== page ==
Fast React Monorepos with High Quality DX

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Monorepos have been around for some time but only recently gained popularity in the JavaScript community. The promise of easily sharing code, better enforcing organizational standards, greater developer mobility due to common tooling, and more is very appealing. Still, if approached naively, a monorepo will quickly turn into a huge mess: skyrocketing slow CI times, spaghetti dependencies among projects, hard to navigate, and ultimately leading to frustration. In this talk, we will look at the available tooling, how to kickstart a new React monorepo in particular, and we will learn the key ingredients required to build a successful, long-running monorepo that scales.

Juri Strumpflohner
Juri Strumpflohner
22 min
21 Jun, 2022

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Video Summary and Transcription

Welcome to a talk about fast React monorepos with high quality DX. Monorepos allow for collaboration and code sharing between packages, providing a more organized development environment. Leveraging caching and distribution in CI can improve speed and efficiency. NX provides a feature-rich monorepo setup for React, improving developer experience. Monorepo tools like NX console extension and project graph visualization enhance capabilities and enforce code quality.

Available in Español

1. Introduction to React Monorepos

Short description:

Welcome to my talk about fast React monorepos with high quality DX. I'm Joris Schumfler, a Director of Developer Experience at Narwhal. We provide consulting services for Fortune 500 companies, specializing in monorepos. NX is a smart, fast, and extensible build system that helps you succeed in the long run. It's hugely popular, crossing $1 million in December and about to reach $2 million per week in June.

Hey, and welcome to my talk about fast React monorepos with high quality DX. But before we go ahead, let me first introduce myself. My name is Joris Schumfler, I'm a Director of Developer Experience here at Narwhal. I'm also a Google Developer Expert in Web Tech. I'm an ECHI instructor and Cybers Ambassador.

Narwhal is the company behind NX, and we provide consulting services for Fortune 500 companies, but not only actually. And our range goes from helping with Angular development, React development, but in particular, helping with monorepos, so we help migrate to monorepos scenarios, set up new monorepos, but especially help succeed those monorepos in the long run. We're also the creators of the open source toolkit and NX. And if in case you missed it, most recently, we also took over Stewardship of Leerna, which is now joining forces with NX.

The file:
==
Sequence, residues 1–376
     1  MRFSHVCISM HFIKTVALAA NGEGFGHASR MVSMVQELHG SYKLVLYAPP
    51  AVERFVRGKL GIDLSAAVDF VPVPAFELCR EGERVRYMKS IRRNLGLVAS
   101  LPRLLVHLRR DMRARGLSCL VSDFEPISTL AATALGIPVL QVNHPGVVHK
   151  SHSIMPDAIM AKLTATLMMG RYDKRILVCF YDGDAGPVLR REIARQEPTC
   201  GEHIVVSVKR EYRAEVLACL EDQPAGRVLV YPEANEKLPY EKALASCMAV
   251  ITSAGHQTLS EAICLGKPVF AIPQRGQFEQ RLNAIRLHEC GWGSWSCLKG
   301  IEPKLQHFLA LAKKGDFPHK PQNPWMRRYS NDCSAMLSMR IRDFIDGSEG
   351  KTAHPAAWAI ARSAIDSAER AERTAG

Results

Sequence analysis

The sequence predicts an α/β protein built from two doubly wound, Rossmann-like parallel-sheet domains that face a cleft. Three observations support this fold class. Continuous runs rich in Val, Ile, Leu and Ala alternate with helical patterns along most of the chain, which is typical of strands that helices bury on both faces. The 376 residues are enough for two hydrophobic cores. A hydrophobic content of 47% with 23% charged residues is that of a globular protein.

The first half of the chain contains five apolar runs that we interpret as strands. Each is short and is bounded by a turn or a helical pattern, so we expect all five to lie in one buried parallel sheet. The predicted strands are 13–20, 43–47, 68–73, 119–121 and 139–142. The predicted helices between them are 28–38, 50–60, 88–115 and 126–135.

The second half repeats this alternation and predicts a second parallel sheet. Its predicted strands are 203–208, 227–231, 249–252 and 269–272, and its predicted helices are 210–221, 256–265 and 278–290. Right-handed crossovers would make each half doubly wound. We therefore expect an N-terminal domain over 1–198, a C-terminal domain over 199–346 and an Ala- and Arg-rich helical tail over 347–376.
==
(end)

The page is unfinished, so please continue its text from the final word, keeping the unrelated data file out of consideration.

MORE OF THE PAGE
So what is NX? NX is a smart, fast and extensible build system and can be used for monorepos. And today I'm not going specifically into NX directly, but I'm using it as an example of a feature set like a fully feature complete monorepo tool that can help you not just getting started fast, but also succeed in the long run. Now NX is hugely popular. So we have seen crossed $1 million in December and are about to cross $2 million per week in June probably. So it is super exciting, and it shows how much traction the monorepos space recently got.

2. Understanding Monorepos and Polyrepos

Short description:

Now, what are monorepos? Rich Harris recently expressed dissatisfaction with the term monorepo, as it implies a single repository for the entire organization. However, in reality, large companies often have multiple monorepos, divided by department or domain, alongside polyrepos. These repositories can share components through internal registries, allowing polyrepos to benefit from the libraries built within monorepos. On the other hand, a polyrepo is a more traditional scenario with a single repository containing one project.

Now, what are monorepos? Rich Harris, a couple of weeks ago, posted a tweet, which I'm 100% agreeing with, because I have the same question from people, and I have to answer and explain that over and over again. So he was basically not happy with the term monorepo. And the problem is that monorepo implies, or what many people think, is that you need to have one single repository for the entire organization. Now, it's perfectly clear why people think that, but in reality, what we see when we work with now, for instance, with large companies, is more something like this. So you have large monorepos, couple of them inside your company, maybe split by department or organization or domain, and then you have also the existing polyrepos, or new polyrepos even, that come up within that organization. So if you have a couple of such a mix of landscape, and you share stuff over registries, over internal registries, even monorepos share some of the parts for the outside. Because if you have some polyrepos that might want to benefit from, let's say, the component library you build within a given monorepo, you might want to publish that to a registry as well, apart from just using it within that monorepo. So that's perfectly fine. Now, probably having that a term like multiproject repo versus single project repo would be more useful or more meaningful, but I'm not going to coin a new term here. So whenever I'm speaking about monorepos, what I intend is basically a single Git repository with two or more distinct projects, and Polyrepo on the other side is more classic scenario, which is a lot half-basic, which is like single repository with one project in it.

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